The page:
Making Documentaries

This genre of documentary uses various types of multimedia to explore a story from an omniscient point of view, connecting an audience to a subject and inspiring them to action of some sort.   By profiling an individual, an idea, or a social movement through this expressive and creative medium, we can actually affect change in the real world. 

 Bill Nichols, a Professor of Cinema at San Francisco State University said that, particularly in film, “rhetoric swings us in the direction of particularity. It invites theorization that begins with immediate experience before it moves to abstract generalization.” If done well, this type of documentary turns typical information processing on its head.  Audiences can experience something in the confines of a 16:4 window, connect to it, feel the conflict, respond to the conflict in the context of the specific, and then extend that response to the general, the abstract, the every day.  In our case, a five minute documentary can, if done well, affect the way people view and respond to something in the world for the rest of their lives. 

This type of media offers us an incredible multi-sensory venue to explore our topics.  It combines the best of communication methods.  I hope my documentary is as powerful and informative as an end product as it is as a concept floating around in my head.

Why a Visual Narrative?

They say a picture says a thousand words, and it often does.  But sometimes a picture only says ten words, or it says a thousand words it’s not supposed to.  Pictures are not entirely  unpredictable, though.  Their effects are evident with a little research and an artist’s eye.  By altering color, contrast, and even placement, we can change the whole effect of any given image on an audience.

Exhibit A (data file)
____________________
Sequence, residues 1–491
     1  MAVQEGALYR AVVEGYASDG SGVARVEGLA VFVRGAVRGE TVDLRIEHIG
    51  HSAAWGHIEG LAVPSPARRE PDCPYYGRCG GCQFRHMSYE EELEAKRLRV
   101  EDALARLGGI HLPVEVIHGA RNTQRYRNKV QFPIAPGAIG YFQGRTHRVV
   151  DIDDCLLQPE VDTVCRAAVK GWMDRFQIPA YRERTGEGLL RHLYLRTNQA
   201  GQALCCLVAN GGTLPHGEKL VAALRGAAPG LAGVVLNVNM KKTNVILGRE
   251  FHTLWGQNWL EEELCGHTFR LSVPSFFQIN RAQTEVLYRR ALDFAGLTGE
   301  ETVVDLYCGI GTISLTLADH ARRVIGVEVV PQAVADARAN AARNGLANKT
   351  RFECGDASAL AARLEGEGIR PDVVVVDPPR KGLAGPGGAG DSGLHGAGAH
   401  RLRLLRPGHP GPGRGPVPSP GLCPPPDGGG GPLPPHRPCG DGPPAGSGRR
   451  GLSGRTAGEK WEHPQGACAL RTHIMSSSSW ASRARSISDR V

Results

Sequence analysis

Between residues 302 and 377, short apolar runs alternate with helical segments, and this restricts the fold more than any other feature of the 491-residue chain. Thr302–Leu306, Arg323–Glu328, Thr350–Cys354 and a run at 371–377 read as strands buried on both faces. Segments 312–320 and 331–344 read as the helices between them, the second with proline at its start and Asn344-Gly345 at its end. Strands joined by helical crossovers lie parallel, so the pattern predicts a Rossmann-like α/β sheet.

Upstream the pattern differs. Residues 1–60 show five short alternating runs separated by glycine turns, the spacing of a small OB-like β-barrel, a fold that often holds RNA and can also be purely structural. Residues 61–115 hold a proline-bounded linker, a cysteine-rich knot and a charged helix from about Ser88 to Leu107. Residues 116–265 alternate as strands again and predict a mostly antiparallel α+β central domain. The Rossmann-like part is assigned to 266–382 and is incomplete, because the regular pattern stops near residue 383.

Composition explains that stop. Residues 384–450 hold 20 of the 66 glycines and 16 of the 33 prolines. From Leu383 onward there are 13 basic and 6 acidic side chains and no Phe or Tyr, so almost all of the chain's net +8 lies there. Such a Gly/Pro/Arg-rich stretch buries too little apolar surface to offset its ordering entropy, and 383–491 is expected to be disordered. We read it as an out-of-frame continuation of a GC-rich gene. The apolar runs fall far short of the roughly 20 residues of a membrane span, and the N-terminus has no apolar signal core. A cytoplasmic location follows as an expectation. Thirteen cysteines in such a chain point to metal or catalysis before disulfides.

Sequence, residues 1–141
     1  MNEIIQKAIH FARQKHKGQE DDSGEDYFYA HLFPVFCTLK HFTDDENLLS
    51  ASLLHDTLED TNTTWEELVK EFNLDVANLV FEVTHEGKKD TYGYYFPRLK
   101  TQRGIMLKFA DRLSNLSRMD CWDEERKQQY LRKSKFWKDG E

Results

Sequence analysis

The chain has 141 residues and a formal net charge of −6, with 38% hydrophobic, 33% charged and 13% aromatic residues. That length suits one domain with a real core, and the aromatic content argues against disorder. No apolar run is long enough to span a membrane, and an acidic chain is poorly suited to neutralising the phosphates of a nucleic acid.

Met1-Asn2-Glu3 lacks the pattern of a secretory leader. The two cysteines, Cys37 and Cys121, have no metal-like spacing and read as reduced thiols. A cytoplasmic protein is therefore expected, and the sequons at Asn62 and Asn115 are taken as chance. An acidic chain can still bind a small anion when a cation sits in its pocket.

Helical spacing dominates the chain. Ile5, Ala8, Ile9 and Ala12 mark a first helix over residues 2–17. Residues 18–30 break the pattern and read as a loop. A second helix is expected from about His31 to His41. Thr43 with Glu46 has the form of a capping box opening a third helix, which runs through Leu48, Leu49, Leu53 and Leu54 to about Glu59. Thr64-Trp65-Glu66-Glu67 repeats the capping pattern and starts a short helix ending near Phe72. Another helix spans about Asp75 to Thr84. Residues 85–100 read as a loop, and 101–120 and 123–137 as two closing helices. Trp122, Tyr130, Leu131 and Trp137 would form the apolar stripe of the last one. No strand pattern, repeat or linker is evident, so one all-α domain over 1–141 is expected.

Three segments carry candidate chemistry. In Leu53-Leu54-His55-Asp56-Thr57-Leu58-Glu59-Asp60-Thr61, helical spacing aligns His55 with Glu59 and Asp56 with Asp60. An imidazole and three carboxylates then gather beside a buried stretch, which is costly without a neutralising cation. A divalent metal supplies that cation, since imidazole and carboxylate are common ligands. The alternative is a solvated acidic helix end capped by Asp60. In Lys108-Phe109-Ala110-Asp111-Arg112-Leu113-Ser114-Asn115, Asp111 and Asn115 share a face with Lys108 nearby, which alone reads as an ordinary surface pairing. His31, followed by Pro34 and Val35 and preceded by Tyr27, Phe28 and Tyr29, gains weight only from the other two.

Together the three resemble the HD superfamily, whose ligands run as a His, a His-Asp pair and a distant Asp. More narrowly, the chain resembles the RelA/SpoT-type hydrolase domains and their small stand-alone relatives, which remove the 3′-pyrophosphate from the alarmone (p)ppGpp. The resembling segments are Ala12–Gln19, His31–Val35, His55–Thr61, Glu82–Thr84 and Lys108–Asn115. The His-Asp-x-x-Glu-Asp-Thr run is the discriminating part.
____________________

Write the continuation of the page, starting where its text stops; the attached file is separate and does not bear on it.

Pairing images with text gives us multi-dimensional opportunities to tell our stories.  People love photography for a reason; photos often say things that text can’t.  And people love reading for a reason; text often says things that photos can’t.  When we combine text and images to tell a story, we take advantage of an opportunity to showcase both of their strengths, combined into one cohesive narrative. 

Images can strengthen readers’ associations with the subject matter, but they can also enhance a piece’s rhetorical power.  Allowing the audience to look into the eyes of that child is a far superior pathetic appeal than trying to simply describe the child’s circumstances.  The pictures we select, and their composition, can instantly boost or destroy an ethical appeal.  While images are not the best for logical appeals (at least in the sense of a narrative) they can tie in well to textual arguments. 

Even slight changes in the way we pair and modify pictures and text can have dramatic effects on what our audiences take away from our stories.  For example:

This man is preparing for a role as Santa Claus in a Christmas play at his church.

 

This man just killed three children he met on the internet. 

Isn’t it amazing how much a story can change with a few simple alterations?